For example. You must adapt such material in ways appropriate to your own chosen syllabus of study. Umberto The Role of the Reader. in his turn. consider how one or more novelists engage the reader in the process of interpretation. It also indicates the range of material that is the minimum amount necessary to face the exam with confidence. that this subject guide is unique in two important respects: 13 . This subject guide. ‘Your attention. Wolfgang The Implied Reader. you have to adapt this model to your own needs and interests. but is an example of how you could construct an appropriate course of study and devise appropriate ways of studying the material you choose. More practically.Introduction The role of the reader Questions 1. topics. though. Using this subject guide This subject guide is not an exhaustive study of.’ (ITALO CALVINO) In the light of this quotation. Simple regurgitation in the examination of the illustrative material in this subject guide will be regarded as plagiarism and heavily penalised. Iser. Don’t forget that it is perfectly acceptable to investigate issues which are not mentioned in this subject guide as long as they are of relevance to the objectives described above.. provides a general model – a guide to helpful critical procedures and relevant material. Instead it is an elaborate series of signposts which suggests directions. It is up to you to construct a course of study for yourself. 2. Your schedule should include the study of secondary literature – literary criticism and other material you feel could provide a useful background to your study – as well as primary texts. especially those which have sections on fictional prose writings.. is to halve matters amicably. using these pointers. the novel. Look through the other subject guides and see if they cover authors or topics that may be of interest to you. ‘The truest respect which you can pay the reader’s understanding. This subject guide does not constitute the subject itself. Examiners will always look unfavourably at examinations composed of answers which draw solely on the illustrative material provided in this subject guide. Patterns of Communication in Prose Fiction from Bunyan to Beckett. is now completely concentrated on the woman [.. Do bear in mind. as reader. consider how one or more novelists exploit and/or subvert the reader’s expectations. themes. However. Ideally.. the Group A Moderns advanced unit subject guide contains a useful introduction to Joyce. Please note that there are other subject guides and introductions that might prove to be of use to you. questions and critical approaches that could prove useful to you. nor a comprehensive guide to.] and is your expectation that drives the author toward her. Suggested reading Eco.’ (LAURENCE STERNE) In the light of this quotation. as well as yourself. you should try to read as many of the novels listed above as possible to give yourself a sense of the progression and scope of the novel as an evolving form. then.] for several pages you have been expecting this female shadow to take shape [. and leave him something to imagine. This should be enough to allow you to answer three questions confidently in the examination. we suggest you study at least two authors and at least two topics in detail.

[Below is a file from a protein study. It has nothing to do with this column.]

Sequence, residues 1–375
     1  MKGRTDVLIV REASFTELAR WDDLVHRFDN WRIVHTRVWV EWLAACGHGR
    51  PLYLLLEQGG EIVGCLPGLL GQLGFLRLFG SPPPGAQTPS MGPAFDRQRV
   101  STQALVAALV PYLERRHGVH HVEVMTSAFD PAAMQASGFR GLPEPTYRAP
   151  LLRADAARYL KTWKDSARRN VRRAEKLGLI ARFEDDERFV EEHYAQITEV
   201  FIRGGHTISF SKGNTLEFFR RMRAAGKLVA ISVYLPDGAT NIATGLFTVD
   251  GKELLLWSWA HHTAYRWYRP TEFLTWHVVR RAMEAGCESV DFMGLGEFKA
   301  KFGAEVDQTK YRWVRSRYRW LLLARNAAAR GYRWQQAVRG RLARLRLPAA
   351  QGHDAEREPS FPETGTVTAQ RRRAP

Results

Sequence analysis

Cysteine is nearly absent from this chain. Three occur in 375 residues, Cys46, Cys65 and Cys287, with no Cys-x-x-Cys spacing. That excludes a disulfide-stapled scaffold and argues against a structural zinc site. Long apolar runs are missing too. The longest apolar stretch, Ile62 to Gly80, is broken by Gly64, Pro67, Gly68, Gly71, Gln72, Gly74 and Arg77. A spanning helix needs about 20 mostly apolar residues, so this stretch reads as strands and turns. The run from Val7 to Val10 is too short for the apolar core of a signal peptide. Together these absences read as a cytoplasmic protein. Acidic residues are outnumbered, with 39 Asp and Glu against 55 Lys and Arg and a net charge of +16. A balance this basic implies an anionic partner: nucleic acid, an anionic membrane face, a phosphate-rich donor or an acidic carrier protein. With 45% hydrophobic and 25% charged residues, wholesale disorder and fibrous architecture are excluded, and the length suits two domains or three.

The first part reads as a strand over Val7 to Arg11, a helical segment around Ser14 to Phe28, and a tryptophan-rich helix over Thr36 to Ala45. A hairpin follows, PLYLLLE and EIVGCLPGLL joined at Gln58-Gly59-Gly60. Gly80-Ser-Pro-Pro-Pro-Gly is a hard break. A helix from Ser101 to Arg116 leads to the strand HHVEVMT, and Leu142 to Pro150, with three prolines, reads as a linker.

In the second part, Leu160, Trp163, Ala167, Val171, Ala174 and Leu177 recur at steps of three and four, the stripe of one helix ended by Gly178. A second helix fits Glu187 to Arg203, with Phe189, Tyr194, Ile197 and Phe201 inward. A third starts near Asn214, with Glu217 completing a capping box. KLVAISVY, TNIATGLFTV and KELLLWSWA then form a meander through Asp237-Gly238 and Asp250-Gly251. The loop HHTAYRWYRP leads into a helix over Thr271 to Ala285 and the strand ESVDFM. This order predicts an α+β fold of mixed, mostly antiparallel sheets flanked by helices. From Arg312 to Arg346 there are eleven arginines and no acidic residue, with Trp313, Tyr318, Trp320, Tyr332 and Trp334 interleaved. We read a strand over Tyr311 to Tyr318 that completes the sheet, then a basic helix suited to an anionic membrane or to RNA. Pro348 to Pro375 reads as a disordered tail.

An essay is not only an attempt to understand but also to convey understanding. Candidates may not discuss the same text more than once. Before you launch into the essay. Please note the rubric which states: ‘Answer three questions.’ This means that you should not write on the same text in more than one answer – although you may make passing reference to it. Section B will comprise questions on broader topics and themes and invite discussion with reference to at least two novels by different authors. a single author (e. choosing at least one from each section. This subject guide is organised around the structure of the examination paper. Shakespeare) or a general topic (e. Then you must begin to organise the evidence that these analyses provide. well-supported case for whatever he or she is trying to say. but will also improve your reading and analytical skills. Remember. 2. Preparing for the examination. Romanticism). followed by close reading and analysis of texts. The examination paper will be in two parts and you will be asked to answer three different questions. As you will have to choose from a limited number of essay titles for a subject with very few constraints on what you can study. the novel. women’s writing or nineteenth-century American literature). Section A will comprise questions inviting you to compare and contrast novels by a single author of your own choice. This is rarely because a student fails to grasp the concepts involved.The Novel 1. starts with the study of the topic or topics that interest you.g. rather than that of the original author. make sure you are properly prepared. You will be expected to demonstrate on this part of the examination some familiarity with theories of narration and the novel. it is better to go for depth rather than breadth in the examination. Bear this in mind before waxing lyrical on the language of foreign texts you choose to write on in the examination.g. modern literary theory). Methods of assessment You will be assessed by one three-hour examination. a body of writings in both prose and poetry (e. and a knowledge of the broader contexts of fiction. whereas other subject guides have invited you to examine a period (e.g. You may be celebrating the translator’s verbal dexterity. Rather it is due to the failure of the essayist to make a complete. There is also a sample examination paper attached at the end of this guide. They will normally invite discussion with reference to at least two novels. at least one from each section. 14 . Writing sample answers and essays will not only prepare you for specific topics in the examination. It is this specialised skill which the examination by essay seeks to test.g. then. you must devote time to your essay techniques. It contains examples of the kind of questions you can expect in the examination. It focuses exclusively on one literary form. It includes novels in translation from other languages. Preparing for the examination The sample examination paper included at the end of this subject guide gives you a good idea of the range of questions you can expect. in the relevant chapters. some students’ essays fail to adequately convey understanding. There are two Section A single author studies and two Section B topic studies as models for you to follow. in this examination or in any other Advanced level unit examination. Unfortunately.